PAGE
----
With polls indicating that incumbent Bill Foster and former state Rep. Rick Kriseman are all but certain to face each other in the November run-off in St. Petersburg’s mayoral race, it may be time for the rest of the state to start paying attention.
First of all, regardless of who wins between Foster and Kriseman, the bluing of Tampa Bay continues, at least at the municipal level. Of the fifteen combined seats on St. Pete’s and Tampa’s city councils, after November, it’s likely that 13, perhaps 14, of them will be held by registered Democrats.
Second, assuming Amy Foster and Darden Rice go on to win their respective city council races, three of the eight members of the board will be openly gay.
More important than either of these statistics is how a race between Foster and Kriseman shapes up as a precursor to the gubernatorial race between Rick Scott and Charlie Crist.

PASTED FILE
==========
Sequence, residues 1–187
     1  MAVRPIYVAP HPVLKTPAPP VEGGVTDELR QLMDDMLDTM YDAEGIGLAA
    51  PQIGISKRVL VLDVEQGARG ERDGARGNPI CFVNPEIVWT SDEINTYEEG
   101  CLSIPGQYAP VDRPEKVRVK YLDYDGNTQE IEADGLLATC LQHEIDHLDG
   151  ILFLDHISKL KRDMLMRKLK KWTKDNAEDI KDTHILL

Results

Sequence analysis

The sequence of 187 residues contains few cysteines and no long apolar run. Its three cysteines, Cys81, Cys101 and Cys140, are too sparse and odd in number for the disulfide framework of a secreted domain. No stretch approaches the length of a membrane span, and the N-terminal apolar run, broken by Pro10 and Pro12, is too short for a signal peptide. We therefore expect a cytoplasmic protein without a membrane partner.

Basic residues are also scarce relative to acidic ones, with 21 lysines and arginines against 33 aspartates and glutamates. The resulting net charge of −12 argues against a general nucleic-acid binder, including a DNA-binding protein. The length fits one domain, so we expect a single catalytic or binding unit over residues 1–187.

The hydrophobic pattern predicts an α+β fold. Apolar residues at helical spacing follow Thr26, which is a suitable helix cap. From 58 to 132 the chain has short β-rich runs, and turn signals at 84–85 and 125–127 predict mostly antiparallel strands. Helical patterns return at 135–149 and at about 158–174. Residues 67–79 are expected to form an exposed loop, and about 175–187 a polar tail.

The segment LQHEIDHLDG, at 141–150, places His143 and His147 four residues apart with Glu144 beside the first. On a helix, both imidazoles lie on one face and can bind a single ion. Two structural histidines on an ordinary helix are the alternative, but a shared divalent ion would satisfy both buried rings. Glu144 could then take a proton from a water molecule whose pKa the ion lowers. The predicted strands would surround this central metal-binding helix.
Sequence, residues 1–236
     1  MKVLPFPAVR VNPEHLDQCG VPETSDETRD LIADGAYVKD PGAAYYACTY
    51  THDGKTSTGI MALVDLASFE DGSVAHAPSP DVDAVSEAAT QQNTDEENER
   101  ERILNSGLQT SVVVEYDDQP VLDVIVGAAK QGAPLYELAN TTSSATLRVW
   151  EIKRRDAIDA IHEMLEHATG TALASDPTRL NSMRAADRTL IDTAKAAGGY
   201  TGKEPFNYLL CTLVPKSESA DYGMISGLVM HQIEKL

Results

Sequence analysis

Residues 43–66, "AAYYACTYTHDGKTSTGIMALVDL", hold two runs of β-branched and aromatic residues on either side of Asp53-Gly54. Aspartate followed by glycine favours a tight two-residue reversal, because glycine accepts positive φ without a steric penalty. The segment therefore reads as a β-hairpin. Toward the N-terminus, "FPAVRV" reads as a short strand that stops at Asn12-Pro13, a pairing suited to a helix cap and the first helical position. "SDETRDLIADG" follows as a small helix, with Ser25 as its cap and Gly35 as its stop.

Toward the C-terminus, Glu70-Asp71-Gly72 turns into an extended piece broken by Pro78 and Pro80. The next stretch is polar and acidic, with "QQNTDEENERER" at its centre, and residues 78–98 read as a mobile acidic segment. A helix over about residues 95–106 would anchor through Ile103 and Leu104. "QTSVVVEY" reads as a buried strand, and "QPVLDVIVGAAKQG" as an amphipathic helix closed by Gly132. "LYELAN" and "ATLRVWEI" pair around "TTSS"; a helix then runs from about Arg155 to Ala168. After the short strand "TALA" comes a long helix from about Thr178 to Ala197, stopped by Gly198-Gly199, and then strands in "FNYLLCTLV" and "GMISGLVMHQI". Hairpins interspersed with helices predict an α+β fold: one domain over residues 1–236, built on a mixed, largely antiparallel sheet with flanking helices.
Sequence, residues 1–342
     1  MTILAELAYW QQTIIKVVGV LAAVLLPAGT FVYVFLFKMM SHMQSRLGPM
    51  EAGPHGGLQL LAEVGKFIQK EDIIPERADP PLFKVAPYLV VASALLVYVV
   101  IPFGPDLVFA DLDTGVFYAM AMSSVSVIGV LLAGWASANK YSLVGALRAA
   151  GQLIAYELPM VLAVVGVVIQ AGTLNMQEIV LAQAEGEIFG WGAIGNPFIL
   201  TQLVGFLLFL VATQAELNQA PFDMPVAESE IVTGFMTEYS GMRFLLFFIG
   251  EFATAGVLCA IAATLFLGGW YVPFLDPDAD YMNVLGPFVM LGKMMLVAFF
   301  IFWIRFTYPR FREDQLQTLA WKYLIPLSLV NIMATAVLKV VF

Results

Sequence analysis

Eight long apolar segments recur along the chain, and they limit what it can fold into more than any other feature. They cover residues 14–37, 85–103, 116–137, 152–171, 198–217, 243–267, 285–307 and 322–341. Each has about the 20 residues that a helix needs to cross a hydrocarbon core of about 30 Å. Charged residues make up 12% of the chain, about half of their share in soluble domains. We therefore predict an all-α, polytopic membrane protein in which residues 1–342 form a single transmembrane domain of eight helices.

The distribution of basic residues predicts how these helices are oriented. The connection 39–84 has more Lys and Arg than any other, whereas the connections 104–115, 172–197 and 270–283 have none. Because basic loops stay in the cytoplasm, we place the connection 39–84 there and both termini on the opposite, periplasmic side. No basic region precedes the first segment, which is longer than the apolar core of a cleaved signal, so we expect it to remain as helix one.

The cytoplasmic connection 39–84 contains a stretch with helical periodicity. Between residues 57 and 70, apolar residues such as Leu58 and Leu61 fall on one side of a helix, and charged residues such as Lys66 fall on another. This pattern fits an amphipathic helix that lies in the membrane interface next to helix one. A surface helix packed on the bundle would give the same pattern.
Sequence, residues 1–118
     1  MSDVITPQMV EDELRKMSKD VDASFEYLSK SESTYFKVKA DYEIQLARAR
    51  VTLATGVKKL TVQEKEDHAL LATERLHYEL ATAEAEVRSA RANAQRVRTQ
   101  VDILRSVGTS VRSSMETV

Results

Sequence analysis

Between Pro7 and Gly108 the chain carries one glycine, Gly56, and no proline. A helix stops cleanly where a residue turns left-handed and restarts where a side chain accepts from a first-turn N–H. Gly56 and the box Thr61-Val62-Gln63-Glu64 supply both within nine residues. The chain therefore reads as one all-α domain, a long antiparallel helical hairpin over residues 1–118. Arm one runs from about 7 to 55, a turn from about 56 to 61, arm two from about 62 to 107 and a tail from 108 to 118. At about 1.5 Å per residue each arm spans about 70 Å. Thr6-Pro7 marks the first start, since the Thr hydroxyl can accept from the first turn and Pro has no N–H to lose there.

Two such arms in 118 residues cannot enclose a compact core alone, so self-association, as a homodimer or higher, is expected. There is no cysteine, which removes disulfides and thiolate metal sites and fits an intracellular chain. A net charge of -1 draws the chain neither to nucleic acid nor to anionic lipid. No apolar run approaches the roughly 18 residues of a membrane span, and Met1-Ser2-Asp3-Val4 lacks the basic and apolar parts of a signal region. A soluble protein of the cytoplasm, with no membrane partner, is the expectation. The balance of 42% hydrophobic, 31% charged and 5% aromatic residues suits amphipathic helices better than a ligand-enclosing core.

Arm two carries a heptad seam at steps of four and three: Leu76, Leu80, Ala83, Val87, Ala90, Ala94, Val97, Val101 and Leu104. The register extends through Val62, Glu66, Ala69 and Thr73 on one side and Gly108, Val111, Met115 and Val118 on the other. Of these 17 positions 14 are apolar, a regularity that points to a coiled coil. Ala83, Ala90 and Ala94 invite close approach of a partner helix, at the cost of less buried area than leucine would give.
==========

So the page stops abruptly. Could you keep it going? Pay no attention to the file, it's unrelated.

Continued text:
On one side, you have an unpopular, but effective incumbent with much of the business community behind him. On the other side, you have an affable, populist progressive on the other.
I know, I know, Foster can’t self-fund like Scott could and Kriseman isn’t half the retail politician Crist is, but if you squint hard enough, you can see the similarity in St. Pete’s mayoral race to the 2014 gubernatorial race.
No wonder the state parties are expected to throw tens of thousands of dollars into St. Pete’s mayor’s race.
How goes St. Petersburg in 2013 could be how goes Florida goes in 2014.